It caught your eye. A turn of phrase. A gleam in the sunlight. And voila! You were distracted by some shiny new object.

A hundred and fifty years ago we would have called it a nugget of gold, gleaming on a river bank. Today, it’s likely to be some shiny new app online. “Look what it does!” “Wouldn’t that be a great thing to offer our customers?” “Can we use that next time?!”

The internet brought us myriad new ways to reach prospective customers. We used to produce beautiful, printed newsletters that were mailed through post office to existing and prospective clients every month. Now we are being drown in email newsletters we may or may not remember having subscribed to.

Corners of our screens now erupt into noisy, unwanted video clips trying to draw our eyes to them while we read something else of interest in another part of the screen. “Wow! Should we use noisy, unwanted videos to reach prospective customers too?”

Boom! There goes the marketing plan

A surefire way to torpedo your marketing efforts is to follow the distractions of new marketing tactics and ideas. As a new marketing director, I found that every publication, postcard-deck producer and advertising venue knocked on my door, phoned and tried to hunt me down. (This was in the pre-internet era.) Promising ones were granted an audience. But responding, as a business owner, takes you away from your most important tasks—revenue generation.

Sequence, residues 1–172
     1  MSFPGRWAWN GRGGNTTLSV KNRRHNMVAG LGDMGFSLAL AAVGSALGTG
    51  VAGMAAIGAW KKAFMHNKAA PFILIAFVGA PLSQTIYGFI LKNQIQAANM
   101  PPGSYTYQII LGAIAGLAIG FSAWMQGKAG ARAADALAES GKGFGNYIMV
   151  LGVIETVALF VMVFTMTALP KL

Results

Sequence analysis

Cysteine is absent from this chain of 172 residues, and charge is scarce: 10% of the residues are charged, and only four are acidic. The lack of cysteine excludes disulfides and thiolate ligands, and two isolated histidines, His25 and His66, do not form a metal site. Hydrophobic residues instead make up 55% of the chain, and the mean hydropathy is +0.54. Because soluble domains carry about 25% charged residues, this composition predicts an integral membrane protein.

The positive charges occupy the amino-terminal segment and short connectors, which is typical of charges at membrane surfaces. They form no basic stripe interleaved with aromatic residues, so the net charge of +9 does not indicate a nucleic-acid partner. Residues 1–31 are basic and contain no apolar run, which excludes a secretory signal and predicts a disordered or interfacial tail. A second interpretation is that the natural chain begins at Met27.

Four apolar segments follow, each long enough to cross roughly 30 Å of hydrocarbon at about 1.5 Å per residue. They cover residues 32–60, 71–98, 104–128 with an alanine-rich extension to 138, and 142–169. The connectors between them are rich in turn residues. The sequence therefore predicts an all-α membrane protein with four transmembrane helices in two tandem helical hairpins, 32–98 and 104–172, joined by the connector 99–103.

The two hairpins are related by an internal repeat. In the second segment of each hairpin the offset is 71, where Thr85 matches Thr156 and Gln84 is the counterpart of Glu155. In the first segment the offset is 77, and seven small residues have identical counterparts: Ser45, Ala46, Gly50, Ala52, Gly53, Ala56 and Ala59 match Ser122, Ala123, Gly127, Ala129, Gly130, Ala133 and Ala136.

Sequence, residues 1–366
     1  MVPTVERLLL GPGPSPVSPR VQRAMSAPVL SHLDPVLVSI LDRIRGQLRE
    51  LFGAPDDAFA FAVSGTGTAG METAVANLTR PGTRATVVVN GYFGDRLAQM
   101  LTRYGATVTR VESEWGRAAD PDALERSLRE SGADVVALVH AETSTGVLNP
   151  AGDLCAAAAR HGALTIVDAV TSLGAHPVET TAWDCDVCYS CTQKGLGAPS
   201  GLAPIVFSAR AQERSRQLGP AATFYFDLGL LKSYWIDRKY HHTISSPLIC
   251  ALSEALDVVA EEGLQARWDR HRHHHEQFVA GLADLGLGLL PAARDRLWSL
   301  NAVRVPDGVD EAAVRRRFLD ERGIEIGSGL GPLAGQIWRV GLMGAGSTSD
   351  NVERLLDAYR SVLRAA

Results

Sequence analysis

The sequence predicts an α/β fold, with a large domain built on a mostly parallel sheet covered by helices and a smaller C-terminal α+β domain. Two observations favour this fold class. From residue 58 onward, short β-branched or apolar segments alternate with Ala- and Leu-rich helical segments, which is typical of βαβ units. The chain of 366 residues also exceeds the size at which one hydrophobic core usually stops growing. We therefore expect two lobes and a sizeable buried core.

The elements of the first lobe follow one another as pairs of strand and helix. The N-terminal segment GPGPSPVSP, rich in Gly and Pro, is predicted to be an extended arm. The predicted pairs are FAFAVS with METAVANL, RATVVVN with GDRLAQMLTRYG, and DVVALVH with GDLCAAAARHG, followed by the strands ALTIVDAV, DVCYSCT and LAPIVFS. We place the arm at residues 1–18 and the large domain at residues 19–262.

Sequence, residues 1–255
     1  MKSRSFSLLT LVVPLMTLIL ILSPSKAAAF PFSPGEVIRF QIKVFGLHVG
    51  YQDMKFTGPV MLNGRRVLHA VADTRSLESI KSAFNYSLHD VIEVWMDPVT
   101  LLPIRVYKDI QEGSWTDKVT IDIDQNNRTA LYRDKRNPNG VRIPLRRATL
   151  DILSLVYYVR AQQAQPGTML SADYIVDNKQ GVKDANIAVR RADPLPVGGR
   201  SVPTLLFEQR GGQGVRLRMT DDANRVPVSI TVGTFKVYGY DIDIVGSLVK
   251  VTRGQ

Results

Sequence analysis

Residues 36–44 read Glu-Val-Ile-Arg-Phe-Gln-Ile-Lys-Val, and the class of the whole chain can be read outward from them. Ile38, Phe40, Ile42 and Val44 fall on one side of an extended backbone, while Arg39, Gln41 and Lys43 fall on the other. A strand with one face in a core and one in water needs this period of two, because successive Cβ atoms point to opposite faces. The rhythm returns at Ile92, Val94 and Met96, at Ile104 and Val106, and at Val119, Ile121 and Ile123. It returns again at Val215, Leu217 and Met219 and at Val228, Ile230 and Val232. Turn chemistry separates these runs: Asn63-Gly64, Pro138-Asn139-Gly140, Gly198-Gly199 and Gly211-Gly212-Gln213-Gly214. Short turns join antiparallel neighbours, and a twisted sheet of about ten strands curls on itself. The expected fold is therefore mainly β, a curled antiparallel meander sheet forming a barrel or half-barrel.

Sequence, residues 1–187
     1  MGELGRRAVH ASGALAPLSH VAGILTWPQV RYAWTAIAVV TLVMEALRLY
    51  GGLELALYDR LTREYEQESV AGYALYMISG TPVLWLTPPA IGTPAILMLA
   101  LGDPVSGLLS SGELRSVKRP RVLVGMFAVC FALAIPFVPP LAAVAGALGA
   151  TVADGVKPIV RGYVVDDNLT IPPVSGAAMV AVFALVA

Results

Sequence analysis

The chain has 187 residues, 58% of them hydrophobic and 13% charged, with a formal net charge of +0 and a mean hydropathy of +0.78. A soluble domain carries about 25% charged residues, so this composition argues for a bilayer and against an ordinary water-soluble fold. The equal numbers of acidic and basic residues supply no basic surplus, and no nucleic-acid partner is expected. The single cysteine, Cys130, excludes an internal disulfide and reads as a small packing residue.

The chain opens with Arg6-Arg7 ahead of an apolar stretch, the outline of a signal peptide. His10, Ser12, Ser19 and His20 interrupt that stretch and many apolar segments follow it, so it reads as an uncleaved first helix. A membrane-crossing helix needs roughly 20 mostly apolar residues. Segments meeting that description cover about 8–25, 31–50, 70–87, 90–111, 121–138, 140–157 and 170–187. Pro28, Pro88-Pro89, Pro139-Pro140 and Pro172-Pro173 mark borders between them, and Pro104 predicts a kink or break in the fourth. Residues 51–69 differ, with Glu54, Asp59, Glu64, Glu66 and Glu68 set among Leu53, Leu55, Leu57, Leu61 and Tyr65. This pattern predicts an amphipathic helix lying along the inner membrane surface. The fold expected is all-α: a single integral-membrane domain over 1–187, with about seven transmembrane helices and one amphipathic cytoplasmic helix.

If, like email spam, you’ve no way to rid yourself of the onslaught of inquiries from advertising mediums, then I strongly advise you to develop a plan to manage them—not the other way around.

  1. Ask them to send a brief email explanation about the product or service.
  2. Do NOT read and respond to it immediately after it arrives in your inbox.
  3. If it’s not brief, as requested, delete it. You don’t want to be working with someone who doesn’t respond to your directions.
  4. When you do finally skim the email, ask yourself whether or not it has a place in your current marketing plan. If it does, you can proceed to explore it further. If it doesn’t, you can ask yourself if your marketing plan has a newly discovered hole in it. (Probably it doesn’t because you’re smart!)
  5. But it’s shiny and pretty (even if it doesn’t fit your plan)!


I see more marketing strategies and marketing plans get wildly off track because business owners allow themselves to be distracted by shiny new objects. More than anything, I see it turn into destruction. Now the marketing calendar gets way off its timeline. Funds planned for another marketing tactic get hijacked for Shiny New Object. And it devolves from there…

Look at it this way: If Shiny New Object is so fantastic, it will be there and waiting for you next year or next quarter when you can give it full consideration and review before implementing it as a tactic. Better to review it and decide if it’s a fit after you’ve taken off those rose-colored glasses.

Most often, whether or not Shiny New Object produces good results, I see it robbing business owners of their most valuable asset: their time.

Beware the Shiny New Object! Stay on focus!